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Ksena J. Court and Francis N. J. Taman

Lenders are cautioned to be very clear in the wording of their mortgages when it comes to how interest is to be calculated.  In Nussbaum v. Stoney,[1] the Alberta Court of Queen’s Bench applied a strict interpretation to the wording of the interest calculation in a mortgage.

The mortgage in question was a “tick the box” mortgage which stated that the interest rate was “to be calculated monthly”.  The issue was whether the lender was entitled to compound the interest monthly.

The Court held that the words of the mortgage are to be clear and unambiguous.  If there is ambiguity in a mortgage, then it should be resolved in favour of the mortgagor who did not draft the terms of the mortgage.  If the lender wanted the interest to be compounded on a monthly basis, then it should have stated so in the mortgage.  As such, the lender was only entitled to simple interest and it was directed to recalculate the amount owing under the mortgage.  Further, the lender was directed to repay any overpayment to the mortgagor.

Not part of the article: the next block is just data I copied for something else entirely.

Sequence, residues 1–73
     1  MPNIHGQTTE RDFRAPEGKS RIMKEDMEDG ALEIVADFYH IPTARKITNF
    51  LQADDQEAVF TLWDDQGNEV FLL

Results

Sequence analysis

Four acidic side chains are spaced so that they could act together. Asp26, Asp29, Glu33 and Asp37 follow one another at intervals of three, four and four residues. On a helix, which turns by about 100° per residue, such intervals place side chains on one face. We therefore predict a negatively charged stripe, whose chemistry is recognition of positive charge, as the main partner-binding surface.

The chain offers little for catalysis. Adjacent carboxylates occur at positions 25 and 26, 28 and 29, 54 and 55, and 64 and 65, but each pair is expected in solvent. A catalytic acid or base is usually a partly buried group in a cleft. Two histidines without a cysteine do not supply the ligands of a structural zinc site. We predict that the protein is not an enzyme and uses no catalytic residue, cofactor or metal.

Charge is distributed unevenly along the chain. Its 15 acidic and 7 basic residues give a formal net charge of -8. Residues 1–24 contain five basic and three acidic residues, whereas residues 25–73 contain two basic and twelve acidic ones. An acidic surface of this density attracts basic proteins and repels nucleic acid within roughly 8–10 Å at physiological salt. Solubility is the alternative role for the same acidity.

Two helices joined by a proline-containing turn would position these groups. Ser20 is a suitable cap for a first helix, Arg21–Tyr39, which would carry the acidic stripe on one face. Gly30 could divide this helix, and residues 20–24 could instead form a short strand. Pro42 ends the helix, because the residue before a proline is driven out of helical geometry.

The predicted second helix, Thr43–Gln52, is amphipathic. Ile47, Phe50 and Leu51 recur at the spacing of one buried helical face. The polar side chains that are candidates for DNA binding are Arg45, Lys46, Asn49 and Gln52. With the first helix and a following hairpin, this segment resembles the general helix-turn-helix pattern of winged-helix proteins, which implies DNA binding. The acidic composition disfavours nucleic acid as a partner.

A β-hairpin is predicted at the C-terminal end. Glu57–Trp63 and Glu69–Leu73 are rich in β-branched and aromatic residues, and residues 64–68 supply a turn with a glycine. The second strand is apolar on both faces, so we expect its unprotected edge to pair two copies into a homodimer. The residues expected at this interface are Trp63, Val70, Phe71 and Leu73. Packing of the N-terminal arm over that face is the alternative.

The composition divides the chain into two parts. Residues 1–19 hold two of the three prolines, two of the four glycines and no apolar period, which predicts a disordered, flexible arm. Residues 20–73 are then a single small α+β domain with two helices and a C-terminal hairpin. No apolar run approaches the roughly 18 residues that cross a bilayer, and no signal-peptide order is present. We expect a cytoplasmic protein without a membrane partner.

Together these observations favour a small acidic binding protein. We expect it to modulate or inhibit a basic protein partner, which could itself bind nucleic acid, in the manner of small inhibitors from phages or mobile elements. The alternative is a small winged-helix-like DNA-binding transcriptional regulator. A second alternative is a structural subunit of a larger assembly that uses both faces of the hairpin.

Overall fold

In light of this decision, lenders may want to take a second look at the wording of their standard mortgage documents to ensure that the terms of their security actually reflect the interest calculation that they intend to apply.

[1] 2017 ABQB 774 (Alta. Master)

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